Australia’s AWB Seeks Grains Partner For Global Scale

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Australia’s AWB Ltd. formerly the Australian Wheat Board, is talking to a major global commodities firm to team up on selling grains globally as the one-time monopoly wheat exporter scrambles to retain market share.

The end of Australia’s decades-old one-seller wheat business in July last year set off a scramble for access to supplies, silos and transport in the world’s No. 4 exporter, with AWB increasingly outgunned by aggressive rivals with global networks.

AWB is now in talks with one of those global brands to form a joint venture to help sell wheat, sorghum and barley, and is in talks to sell its 40-person Geneva commodities trading arm.

“We recognized that when the statutory marketing environment ended that over time the value of our market position would be under challenge, principally because the global grain business is truly global,” AWB chief executive Gordon Davis told reporters.

“We don’t bring enough to the table as a small Australian entity to be more than a niche player.”

A deal will give access to AWB’s Australian grain trading business, and possibly also some storage and bulk handling assets.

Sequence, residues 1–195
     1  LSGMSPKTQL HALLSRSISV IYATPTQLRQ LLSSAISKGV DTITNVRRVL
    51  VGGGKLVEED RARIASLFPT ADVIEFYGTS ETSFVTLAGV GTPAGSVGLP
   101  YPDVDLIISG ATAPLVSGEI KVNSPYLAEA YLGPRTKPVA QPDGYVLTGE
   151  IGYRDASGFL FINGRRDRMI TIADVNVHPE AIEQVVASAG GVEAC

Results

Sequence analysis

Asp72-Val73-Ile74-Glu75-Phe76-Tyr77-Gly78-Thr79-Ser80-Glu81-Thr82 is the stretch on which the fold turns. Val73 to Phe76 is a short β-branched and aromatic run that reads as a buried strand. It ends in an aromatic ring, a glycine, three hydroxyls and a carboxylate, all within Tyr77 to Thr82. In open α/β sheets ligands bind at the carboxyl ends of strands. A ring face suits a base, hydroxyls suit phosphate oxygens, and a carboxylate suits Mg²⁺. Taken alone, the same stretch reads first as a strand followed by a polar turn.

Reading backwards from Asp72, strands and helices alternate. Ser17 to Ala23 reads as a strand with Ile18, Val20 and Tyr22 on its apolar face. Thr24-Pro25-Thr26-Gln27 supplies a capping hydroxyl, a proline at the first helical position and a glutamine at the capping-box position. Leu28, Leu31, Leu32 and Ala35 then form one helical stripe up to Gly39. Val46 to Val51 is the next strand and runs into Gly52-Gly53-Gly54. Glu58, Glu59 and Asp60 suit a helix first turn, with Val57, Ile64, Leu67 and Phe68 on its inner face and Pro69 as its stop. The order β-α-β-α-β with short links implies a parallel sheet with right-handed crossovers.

Global traders such as Cargill, Glencore and Louis Dreyfus are among the nine firms that have rushed into the sector, but are still only picking up the scraps in an industry where four local players – including AWB – still control around 70 per cent of the market.

Leading Canadian grain handler Viterra paid $1.4 billion last month for Australian wheat and barley exporter ABB Grains Ltd, buying a place among the top four.

In 2007, Germany’s Toepfer Grain, controlled by ADM, was one of the first global traders to link up with an Australian company, forming a venture with rural services group Elders Ltd.

“The bottom line is, if it goes according to plan, AWB will gain access to a much larger balance sheet and access to new international markets,” said James Ferrier, an analyst at investment firm Wilson HTM, saying he estimated AWB’s share of the Australian grain trade had shrunk to about 23 per cent.

“All the companies are looking for ways to grow so there will be further bolt-on opportunities and there will be further big M&A opportunities in the next couple of years, I expect,” said Belinda Moore, an analyst at RBS Morgans.

“They may be overseas companies taking over Australian ones – you can’t rule that out after Viterra taking over ABB.”

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